The Chunzehui had no accommodation for proper grounding, and I had to make do on my own. The MFJ clearly indicates that the model 1146 must have a solid ground connection and provides the connection to do so.

Immediately, I liked the fact that this unit has fused and LED lit DC outputs. Just what I needed in the shack is more cool LEDs! (Just kidding - my shack looks like a spaceship with LEDs, touch panels, and displays everywhere). RFI is a funny thing, however. One man's RFI might be reduced by this kind of filter, and your buddy's RFI may not even be touched. For me, I definitely noticed a reduction in noise across the bands. It wasn't as noticeable on the usually noisy 75 and 80 meter band, but it was sure noticeable on my 14 meter and 17 meter bands. I still don't know what it is that is producing RFI locally, outside that pesky dimmer switch on the light at my front door.

The MFJ1146 is apparently making that easier to deal with. It's not a huge decrease, but it's there and obvious. The impact of this may have been made within the first 15 minutes of operation, because I was able to pick out the DXpedition to Central Kiribati Islands at 18155 (T31TT) with a signal that may not have been audible before installing this new device. He gave me a 5-9 within moments of turning on my radio . . . always a nice sign for a new piece of gear!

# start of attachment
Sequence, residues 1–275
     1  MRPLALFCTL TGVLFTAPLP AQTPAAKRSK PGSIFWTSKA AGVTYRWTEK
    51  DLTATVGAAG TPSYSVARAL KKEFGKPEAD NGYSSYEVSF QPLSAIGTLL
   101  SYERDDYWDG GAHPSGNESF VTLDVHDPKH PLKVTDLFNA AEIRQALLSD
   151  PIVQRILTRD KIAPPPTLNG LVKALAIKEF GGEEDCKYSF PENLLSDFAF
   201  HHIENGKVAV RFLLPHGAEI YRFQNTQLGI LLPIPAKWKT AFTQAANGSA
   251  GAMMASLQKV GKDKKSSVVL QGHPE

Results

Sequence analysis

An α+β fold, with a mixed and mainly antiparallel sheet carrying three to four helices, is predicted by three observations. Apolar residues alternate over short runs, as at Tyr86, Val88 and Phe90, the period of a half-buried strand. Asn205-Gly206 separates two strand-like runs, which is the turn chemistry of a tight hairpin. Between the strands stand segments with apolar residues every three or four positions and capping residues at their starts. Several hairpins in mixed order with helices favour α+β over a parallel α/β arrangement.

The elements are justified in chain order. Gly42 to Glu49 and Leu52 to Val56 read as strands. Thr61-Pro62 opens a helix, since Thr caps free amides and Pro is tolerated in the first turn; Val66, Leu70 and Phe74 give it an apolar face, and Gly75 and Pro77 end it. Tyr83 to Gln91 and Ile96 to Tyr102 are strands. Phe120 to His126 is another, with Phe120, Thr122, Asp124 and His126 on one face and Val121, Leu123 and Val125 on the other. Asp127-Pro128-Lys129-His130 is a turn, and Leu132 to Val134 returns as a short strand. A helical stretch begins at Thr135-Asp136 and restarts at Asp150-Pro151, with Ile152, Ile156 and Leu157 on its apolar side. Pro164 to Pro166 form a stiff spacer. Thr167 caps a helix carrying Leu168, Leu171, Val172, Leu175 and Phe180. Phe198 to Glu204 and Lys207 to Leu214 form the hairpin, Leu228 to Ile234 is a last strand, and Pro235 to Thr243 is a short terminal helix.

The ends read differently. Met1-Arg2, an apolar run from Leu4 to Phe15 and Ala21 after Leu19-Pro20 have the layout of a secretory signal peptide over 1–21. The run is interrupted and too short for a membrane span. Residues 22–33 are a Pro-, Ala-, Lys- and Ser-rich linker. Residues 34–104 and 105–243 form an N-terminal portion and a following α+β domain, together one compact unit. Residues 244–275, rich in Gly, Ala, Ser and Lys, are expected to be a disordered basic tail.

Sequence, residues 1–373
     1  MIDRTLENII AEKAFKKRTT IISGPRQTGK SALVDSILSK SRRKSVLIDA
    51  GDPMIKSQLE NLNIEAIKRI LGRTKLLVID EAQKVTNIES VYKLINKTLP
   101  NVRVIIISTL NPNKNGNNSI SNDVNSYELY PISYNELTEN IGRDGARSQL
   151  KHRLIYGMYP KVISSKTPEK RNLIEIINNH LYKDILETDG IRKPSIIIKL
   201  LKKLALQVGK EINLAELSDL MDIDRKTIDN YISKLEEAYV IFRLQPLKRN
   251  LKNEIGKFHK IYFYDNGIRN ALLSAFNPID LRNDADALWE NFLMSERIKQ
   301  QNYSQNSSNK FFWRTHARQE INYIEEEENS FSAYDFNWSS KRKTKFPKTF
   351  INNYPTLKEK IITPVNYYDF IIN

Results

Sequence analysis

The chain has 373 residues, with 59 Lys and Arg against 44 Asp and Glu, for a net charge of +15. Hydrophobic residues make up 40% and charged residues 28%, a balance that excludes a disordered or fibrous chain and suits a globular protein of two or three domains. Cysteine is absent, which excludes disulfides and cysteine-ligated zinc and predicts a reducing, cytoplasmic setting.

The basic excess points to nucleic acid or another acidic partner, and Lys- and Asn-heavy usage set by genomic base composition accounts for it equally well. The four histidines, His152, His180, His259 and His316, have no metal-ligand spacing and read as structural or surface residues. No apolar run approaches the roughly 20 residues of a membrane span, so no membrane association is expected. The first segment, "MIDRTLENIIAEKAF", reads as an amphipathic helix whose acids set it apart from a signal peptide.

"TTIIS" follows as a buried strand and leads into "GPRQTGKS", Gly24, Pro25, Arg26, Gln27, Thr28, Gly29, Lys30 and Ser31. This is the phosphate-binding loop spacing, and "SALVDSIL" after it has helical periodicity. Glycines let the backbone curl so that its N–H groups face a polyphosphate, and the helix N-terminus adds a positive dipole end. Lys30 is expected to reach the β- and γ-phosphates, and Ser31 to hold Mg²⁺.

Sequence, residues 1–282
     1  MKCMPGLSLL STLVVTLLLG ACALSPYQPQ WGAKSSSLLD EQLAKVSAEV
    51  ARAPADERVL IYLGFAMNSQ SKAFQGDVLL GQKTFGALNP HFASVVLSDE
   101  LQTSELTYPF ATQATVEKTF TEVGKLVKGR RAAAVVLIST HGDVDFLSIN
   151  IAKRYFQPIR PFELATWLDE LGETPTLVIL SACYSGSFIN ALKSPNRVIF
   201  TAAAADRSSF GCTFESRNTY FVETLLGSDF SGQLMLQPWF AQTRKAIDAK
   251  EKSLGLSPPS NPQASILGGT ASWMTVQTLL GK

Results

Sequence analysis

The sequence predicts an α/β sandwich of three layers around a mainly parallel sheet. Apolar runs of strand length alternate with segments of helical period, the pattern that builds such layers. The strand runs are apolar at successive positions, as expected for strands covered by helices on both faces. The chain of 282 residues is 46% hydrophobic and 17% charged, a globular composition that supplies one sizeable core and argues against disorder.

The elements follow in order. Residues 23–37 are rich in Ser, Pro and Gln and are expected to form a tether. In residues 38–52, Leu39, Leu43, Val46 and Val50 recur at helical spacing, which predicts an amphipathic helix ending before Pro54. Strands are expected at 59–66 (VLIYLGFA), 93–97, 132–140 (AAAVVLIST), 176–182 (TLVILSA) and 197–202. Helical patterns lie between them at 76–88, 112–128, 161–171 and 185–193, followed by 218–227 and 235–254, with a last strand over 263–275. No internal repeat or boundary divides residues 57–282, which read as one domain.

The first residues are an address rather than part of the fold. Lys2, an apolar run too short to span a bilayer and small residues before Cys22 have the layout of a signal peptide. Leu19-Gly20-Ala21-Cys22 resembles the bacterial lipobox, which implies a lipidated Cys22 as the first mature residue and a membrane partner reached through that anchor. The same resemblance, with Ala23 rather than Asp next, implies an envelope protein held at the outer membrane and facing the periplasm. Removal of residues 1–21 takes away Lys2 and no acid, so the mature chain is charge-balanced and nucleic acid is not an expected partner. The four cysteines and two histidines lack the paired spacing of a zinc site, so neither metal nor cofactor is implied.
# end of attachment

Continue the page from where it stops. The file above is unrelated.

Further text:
To Recap

I like this unit and see the additional value provided by the RF noise reduction circuitry.

Which would I buy, if I were starting from scratch? The Amazon cheapie does the job and is certainly worth the $35, but in the business of pulling in weak signals, it's worth an upgrade on each component that may increase your chances. I'm down for the MFJ.

I rate the MFJ 1146 as a B+ in build quality due to paint coming off on the exterior case and along the bottom . . . it could be improved with a powder coated exterior finish. But because this is more of a "hidden" piece of gear in the shack, that matters little. More importantly, I give the unit an A+ for user experience, as it does what it advertises it will do, as it can bring more than power to your shack.

73 for now,

Dave

Have a comment? See what others are saying now in our Forum discussion!

CLICK HERE and JUMP INTO THE CONVERSATION


Dave Jensen, W7DGJ

Dave Jensen, W7DGJ, was first licensed in 1966. Originally WN7VDY (and later WA7VDY), Dave operated on 40 and 80 meter CW with a shack that consisted primarily of Heathkit equipment. Dave loved radio so much he went off to college to study broadcasting and came out with a BS in Communications from Ohio University (Athens, OH). He worked his way through a number of audio electronics companies after graduation, including the professional microphone business for Audio-Technica.  He was later licensed as W7DGJ out of Scottsdale, Arizona, where he ran an executive recruitment practice (CareerTrax Inc.) for several decades. Jensen has published articles in magazines dealing with science and engineering. His column “Tooling Up” ran for 20 years in the website of the leading science journal, SCIENCE, and his column called “Managing Your Career” continues to be a popular read each month for the Pharmaceutical and Household Products industries in two journals published by Rodman Publishing.


Articles Written by Dave Jensen, W7DGJ

This page was last updated June 8, 2023 20:11